I think life around the field camp at Diabas this week was notable for its silence. Other than the wind flapping the tents or waves breaking on the shore, there was a deafening silence. Yes, the Summer for many birds is over. The Purple Sandpipers and Barnacle Geese have fledged their young. Occasionally you might hear the alarm call of a Snow Bunting, warning its chicks of the stealthy approach of an Arctic Fox or of a Parasitic Jaeger overhead, but they’re not singing. Really, it’s not until you’re almost right on top of the murre cliffs that you hear anything – and even their numbers have begun to drop as their chicks are beginning to launch themselves off the nesting ledges and into the water (and into a completely new life).
We were busy banding chicks and still trying to get adults and doing observations on particular birds as well as on their feeding behaviour – trying to get a sense of the types and number of fish they are bringing to their young and how often they’re doing it. This can be pretty difficult to do, especially as the chicks get bigger. The parent bird flies up to the nesting ledge with a fish held lengthwise in its bill. Almost immediately it gives the fish to its chick which swallows it whole, usually head first. This can take a matter of just seconds so…..was that a herring or a capelin or a polar cod? Hmmmm?
For the most part, it was cold and windy throughout the week with temperatures hovering around 2 degrees. (I understand that southern Canada has been experiencing a heat wave of late with temperatures that are up around 39 – without the humidex! I don’t know how I’m going to tolerate this temperature after the Summer here.)
The zodiac ride back to Longyearbyen on Friday was, perhaps, the nicest we’ve had so far – light winds and no waves; just cold…and it got colder the closer we got to town. Little did we know that this was because of a buid0up of pack ice along the coast just west of the entrance to Isfjorden. But more of this later. We were cruising along, about 200 m offshore when I saw a polar bear ambling along the shore. The first one on this trip! When it saw us, it broke into a bit of a trot. This is not usual polar bear behaviour and it began (probably) to overheat. It dealt with this simply – it went into the water and began to swim. We watched it for about 5 minutes and then left it alone; we didn’t want to stress it too much. The concerning thing though was that it was about halfway between the town and our campsite.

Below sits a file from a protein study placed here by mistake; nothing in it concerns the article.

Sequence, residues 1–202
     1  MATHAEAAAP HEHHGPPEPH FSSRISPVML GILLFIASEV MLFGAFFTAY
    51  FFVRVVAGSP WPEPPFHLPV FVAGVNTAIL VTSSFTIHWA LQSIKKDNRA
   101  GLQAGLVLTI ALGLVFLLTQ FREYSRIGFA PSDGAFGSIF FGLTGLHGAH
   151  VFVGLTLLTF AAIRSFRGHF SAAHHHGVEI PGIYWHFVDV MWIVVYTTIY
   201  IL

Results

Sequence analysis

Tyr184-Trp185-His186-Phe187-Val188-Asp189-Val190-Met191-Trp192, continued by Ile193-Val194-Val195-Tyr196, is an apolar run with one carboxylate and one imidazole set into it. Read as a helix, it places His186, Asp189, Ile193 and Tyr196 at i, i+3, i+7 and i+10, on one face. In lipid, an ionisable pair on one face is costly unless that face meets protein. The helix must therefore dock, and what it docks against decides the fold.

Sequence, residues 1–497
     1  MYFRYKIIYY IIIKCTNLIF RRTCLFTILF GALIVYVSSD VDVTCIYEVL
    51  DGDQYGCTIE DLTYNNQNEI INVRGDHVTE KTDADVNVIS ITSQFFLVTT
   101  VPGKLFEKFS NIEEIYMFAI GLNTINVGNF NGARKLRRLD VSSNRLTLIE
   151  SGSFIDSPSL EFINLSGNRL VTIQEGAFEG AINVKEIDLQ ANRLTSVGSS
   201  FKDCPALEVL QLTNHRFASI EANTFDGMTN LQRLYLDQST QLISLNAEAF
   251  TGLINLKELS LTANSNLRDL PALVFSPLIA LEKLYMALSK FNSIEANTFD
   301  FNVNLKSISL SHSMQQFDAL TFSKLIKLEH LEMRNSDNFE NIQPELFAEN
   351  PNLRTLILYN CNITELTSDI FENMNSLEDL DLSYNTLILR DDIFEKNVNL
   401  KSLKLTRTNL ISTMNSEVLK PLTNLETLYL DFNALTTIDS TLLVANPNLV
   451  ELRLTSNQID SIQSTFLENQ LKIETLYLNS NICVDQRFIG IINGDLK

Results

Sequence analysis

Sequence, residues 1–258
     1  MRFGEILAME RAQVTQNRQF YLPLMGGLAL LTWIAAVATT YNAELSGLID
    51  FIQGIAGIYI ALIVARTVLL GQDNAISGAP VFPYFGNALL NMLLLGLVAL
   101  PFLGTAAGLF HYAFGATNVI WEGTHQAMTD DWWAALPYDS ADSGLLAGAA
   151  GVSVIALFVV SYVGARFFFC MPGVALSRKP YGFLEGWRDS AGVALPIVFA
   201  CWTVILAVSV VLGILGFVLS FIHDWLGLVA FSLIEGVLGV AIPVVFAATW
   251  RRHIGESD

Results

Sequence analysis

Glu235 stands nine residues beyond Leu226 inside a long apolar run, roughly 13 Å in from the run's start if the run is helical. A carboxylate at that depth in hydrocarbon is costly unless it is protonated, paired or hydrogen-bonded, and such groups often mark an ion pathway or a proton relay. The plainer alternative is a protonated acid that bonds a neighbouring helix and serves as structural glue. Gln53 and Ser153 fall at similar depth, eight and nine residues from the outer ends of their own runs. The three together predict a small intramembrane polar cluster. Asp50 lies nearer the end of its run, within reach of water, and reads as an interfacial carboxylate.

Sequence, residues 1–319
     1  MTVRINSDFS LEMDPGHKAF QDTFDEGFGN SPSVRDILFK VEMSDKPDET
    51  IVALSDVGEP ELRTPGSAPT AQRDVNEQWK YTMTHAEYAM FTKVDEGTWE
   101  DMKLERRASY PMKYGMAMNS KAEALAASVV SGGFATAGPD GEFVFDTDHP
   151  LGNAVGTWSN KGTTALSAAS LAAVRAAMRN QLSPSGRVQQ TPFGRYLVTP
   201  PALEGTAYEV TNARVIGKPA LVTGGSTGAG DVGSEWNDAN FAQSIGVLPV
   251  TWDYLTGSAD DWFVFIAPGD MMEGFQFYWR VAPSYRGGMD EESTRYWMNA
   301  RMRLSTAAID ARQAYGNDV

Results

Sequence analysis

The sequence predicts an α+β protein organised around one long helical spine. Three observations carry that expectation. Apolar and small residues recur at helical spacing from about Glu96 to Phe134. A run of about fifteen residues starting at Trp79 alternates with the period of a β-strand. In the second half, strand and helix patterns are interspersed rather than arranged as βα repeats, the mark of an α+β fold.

I had a chance to witness a couple of murre ‘fledging events’ this past week. In the first one, the young bird successfully made the jump into the sea with its parent right at its side. They, however, were accompanied by a large contingent (~80) of other adult murres that noisily surrounded them on the water. My first thought was that this might be a good thing as the others would help protect the young one from Glaucous Gulls, one of which was very quickly on the scene. While this appeared to be the case, there was something much more sinister at play: some of the extra adults were ‘mobbing’ or aggressively attacking the youngster while its parent put up an equally aggressive defense. Back in town I came across a paper by Grant Gilchrist and Tony Gaston in which they found that the single biggest cause of chick mortality at a large murre colony on Coats Island was this mobbing behaviour by attending adults. Evidently, an aggressive parent can often fend off the attackers, who will quickly lose interest leaving the young bird and parent to head out to sea. But often the attackers end up killing the chick. The reason driving this behaviour on the part of the attending adults is obscure.
In the second instance, I watched another youngster successfully land with its parent. They were quickly joined by another adult and headed for the open sea. Again, a Glaucous Gull was on the scene almost immediately, hovering overhead trying to grab the chick – at which time the adult would shield the youngster underneath its breast, wings outspread. When the gull was unsuccessful, it tried another approach: it sat on the water and began to swim slowly toward the chick and parent. When it got to be about a meter away, the two adults started to chase the gull. The gull flew away from the chick with the adults following but then, being much more manoeuverable, simply flew up and over the attacking murres and smoothly snatched up the chick, bearing it off to provide sustenance for its chick. It’s a tough world.
Yesterday, I spent back at Diabas finishing off the end of our chick bands. Fortunately, we had been driven out to the site in a large ‘polar circle’ zodiac. Our time there though was limited as the zodiac driver was VERY concerned about the pack ice that was being driven into the fjord by a strong west wind. The ride back to Longyearbyen, during which we had to rescue a family and their boat (that’s another story), was long, wet and very cold. And it became progressively colder the nearer we got to the ice. The trip back took 5 hours. [We got inundated with so much water that my camera, which was in a supposedly water-tight compartment on the boat, got soaked and rendered useless. So from here on I’m completely dependent on photos taken by my field team-mates.]
This morning we were supposed to zodiac back out to Diabas for our last week of fieldwork. It was a perfect day for it: light NW winds and cloudless skies. But….our way was blocked by pack ice and it was getting thicker each our as the wind had a westerly component -so, today we sat tight, filling our time with perfunctory but necessary tasks. Tomorrow there’s a good chance that we’ll be taken by helicopter to Diabas to complete the field season. I’m not sure how we’re getting back though……
Photo Gallery (thanks to Thibaut Petry):